London: Novak Djokovic said rediscovering the winning feeling on Saturday when he scored his first tournament success since January had provided the perfect preparation for the Wimbledon Championships.
The Serbian broke his normal pre-Wimbledon practice regime to accept a wild card at the Aegon International event in Eastbourne, where he claimed his 68th tour title by beating Gael Monfils 6-3, 6-4.
It was his first tournament win since January and has left the world number four confident of mounting a challenge at Wimbledon, where he has been drawn against Slovakia's Martin Klizan in the first round.
"A lot of time spent on the practice courts, four quality matches. Just overall very happy with the way it went, and where my form is," said Djokovic who did not drop a set in winning at Eastbourne.
"Obviously I was not playing too many of the events in the week prior to the beginning of the Grand Slam in my career, but I decided to do so this time because I felt like I needed more matches in general, but especially on the grass," he told a news conference on Sunday.
"That is very unique surface that requires time for adaptation and adjustment, especially for the movement."
The three-time Wimbledon champion has faced an unexpectedly rocky few months, losing his No. 1 ranking to Andy Murray and failing to make a mark at either the Australian or French Open.
That poor form led him to bring in eight-time Grand Slam champion Andre Agassi as coach ahead of the French Open, where he lost to Austria's Dominic Thiem in the quarterfinals, a defeat that meant he dropped out of the world's top two for the first time since 2011.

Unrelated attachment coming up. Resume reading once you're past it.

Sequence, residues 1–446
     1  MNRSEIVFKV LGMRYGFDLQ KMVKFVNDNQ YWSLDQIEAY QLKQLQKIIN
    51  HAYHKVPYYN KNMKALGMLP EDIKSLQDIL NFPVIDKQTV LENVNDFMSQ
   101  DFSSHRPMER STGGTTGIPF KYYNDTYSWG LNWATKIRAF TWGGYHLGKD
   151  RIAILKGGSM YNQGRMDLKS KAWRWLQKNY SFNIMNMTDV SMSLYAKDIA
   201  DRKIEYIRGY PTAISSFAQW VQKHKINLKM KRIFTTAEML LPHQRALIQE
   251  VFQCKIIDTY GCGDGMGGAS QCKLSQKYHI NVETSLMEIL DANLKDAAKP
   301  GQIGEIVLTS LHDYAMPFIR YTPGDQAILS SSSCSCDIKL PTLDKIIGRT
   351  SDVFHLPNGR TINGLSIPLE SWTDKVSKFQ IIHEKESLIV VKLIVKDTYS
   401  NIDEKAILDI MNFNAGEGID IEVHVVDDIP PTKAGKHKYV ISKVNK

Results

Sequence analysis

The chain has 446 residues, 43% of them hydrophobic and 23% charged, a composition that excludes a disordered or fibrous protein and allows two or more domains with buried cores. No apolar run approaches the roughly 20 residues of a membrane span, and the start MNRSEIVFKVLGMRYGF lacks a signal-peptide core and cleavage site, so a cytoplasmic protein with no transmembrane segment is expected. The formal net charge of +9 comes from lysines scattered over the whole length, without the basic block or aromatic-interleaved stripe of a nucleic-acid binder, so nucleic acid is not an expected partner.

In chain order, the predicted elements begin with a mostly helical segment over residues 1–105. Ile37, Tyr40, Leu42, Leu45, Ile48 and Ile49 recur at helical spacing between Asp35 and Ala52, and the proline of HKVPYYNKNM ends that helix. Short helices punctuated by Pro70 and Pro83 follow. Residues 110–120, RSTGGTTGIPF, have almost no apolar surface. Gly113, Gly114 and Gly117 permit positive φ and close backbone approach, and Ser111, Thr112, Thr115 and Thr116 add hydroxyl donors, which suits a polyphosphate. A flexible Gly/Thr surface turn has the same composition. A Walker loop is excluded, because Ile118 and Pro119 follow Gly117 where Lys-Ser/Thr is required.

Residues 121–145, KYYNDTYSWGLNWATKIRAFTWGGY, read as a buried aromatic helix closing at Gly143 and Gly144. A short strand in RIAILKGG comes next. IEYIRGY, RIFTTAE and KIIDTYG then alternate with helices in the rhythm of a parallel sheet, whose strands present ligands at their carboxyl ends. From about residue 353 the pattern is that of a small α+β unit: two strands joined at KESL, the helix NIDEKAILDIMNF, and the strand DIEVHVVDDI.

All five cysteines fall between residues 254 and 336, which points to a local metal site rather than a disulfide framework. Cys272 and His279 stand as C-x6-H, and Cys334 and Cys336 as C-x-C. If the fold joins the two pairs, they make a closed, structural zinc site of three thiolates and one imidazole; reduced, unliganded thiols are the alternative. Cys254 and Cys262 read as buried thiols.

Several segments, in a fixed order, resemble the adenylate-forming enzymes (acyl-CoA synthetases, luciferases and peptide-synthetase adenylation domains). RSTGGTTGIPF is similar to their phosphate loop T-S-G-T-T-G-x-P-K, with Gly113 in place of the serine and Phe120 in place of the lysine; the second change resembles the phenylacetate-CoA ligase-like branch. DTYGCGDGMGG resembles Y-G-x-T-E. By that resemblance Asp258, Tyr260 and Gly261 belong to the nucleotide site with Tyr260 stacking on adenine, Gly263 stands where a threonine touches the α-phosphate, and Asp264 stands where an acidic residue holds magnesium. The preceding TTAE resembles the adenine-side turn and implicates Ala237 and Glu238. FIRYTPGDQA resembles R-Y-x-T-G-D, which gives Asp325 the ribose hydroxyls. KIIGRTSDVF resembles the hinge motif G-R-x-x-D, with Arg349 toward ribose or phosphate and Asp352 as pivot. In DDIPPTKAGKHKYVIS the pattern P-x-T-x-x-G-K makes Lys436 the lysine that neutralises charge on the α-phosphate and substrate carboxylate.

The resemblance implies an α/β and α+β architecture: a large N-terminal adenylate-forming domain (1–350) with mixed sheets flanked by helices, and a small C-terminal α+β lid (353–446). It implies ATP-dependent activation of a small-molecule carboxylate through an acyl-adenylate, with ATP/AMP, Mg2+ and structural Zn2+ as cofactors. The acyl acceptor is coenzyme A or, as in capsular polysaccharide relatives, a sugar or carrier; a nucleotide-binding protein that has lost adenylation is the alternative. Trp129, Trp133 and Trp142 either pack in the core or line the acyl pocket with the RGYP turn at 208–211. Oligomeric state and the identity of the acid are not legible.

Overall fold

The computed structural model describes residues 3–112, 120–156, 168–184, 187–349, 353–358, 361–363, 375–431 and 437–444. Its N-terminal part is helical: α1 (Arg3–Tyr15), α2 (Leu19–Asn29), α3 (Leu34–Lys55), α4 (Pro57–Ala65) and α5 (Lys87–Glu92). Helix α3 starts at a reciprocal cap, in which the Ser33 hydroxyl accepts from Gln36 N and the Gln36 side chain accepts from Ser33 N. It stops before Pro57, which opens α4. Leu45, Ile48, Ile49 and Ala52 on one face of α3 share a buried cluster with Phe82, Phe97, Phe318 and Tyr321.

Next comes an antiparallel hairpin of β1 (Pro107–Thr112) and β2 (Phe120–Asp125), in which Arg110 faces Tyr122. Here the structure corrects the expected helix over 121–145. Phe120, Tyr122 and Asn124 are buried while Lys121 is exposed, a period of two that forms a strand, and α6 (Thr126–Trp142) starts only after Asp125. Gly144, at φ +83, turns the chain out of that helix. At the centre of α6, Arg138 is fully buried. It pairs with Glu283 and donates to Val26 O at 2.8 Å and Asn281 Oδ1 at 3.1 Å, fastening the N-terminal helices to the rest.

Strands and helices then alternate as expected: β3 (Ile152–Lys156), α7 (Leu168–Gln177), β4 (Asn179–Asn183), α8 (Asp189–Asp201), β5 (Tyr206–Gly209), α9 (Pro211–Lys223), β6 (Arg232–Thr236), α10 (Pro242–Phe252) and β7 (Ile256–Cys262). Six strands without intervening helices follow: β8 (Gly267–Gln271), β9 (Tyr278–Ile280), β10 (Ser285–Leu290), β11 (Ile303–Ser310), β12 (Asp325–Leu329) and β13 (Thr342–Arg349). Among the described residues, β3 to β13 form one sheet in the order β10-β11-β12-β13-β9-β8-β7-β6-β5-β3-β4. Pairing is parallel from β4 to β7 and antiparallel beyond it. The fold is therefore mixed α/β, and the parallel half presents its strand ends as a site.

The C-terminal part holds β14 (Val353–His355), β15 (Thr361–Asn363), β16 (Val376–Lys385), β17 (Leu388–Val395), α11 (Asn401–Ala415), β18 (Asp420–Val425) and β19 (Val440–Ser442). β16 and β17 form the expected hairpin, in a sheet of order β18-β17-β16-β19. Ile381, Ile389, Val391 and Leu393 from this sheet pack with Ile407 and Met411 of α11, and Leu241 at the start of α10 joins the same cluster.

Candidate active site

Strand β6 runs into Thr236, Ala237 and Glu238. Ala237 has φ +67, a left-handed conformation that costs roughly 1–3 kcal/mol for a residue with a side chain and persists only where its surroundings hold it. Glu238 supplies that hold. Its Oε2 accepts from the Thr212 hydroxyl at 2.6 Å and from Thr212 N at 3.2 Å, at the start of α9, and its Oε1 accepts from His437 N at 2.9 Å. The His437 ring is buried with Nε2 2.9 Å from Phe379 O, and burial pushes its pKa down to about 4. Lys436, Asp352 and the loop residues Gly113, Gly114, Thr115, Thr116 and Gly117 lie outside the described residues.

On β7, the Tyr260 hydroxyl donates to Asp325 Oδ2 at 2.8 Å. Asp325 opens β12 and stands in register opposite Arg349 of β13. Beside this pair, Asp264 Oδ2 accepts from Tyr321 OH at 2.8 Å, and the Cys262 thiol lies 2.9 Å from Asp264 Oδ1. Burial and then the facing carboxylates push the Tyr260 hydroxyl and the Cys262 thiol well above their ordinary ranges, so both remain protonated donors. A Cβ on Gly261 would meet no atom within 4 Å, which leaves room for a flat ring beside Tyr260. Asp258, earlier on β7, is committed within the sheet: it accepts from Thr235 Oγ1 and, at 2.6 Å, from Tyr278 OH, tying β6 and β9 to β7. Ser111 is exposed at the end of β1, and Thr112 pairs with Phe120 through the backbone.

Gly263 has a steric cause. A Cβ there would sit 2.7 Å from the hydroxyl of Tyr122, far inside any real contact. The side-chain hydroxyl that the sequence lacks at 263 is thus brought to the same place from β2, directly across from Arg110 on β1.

Djokovic, who last won Wimbledon in 2015, has made another personnel change for the grasscourt event which starts on Monday, adding his friend and former player Mario Ancic to his coaching team alongside Agassi.
"He (Ancic) said he was anyway coming to London. He would be happy to spend some time with Andre and myself during Wimbledon," said Djokovic, who added that he did not know how permanent the arrangement would be.
The 12-time Grand Slam winner has not won one of tennis's glittering prizes since the 2016 French Open, leading to speculation that he has lost the desire to compete at the highest level.
Djokovic said it was more a case of gaining a new perspective.
"I used to base all my happiness on winning a tennis match. I think many athletes today are doing that. So I try not to do that any more," he said.
"Of course, I would love to win every single tennis match I play in but I don't try to take that as a very essential, you know, moment in my life which determines my happiness."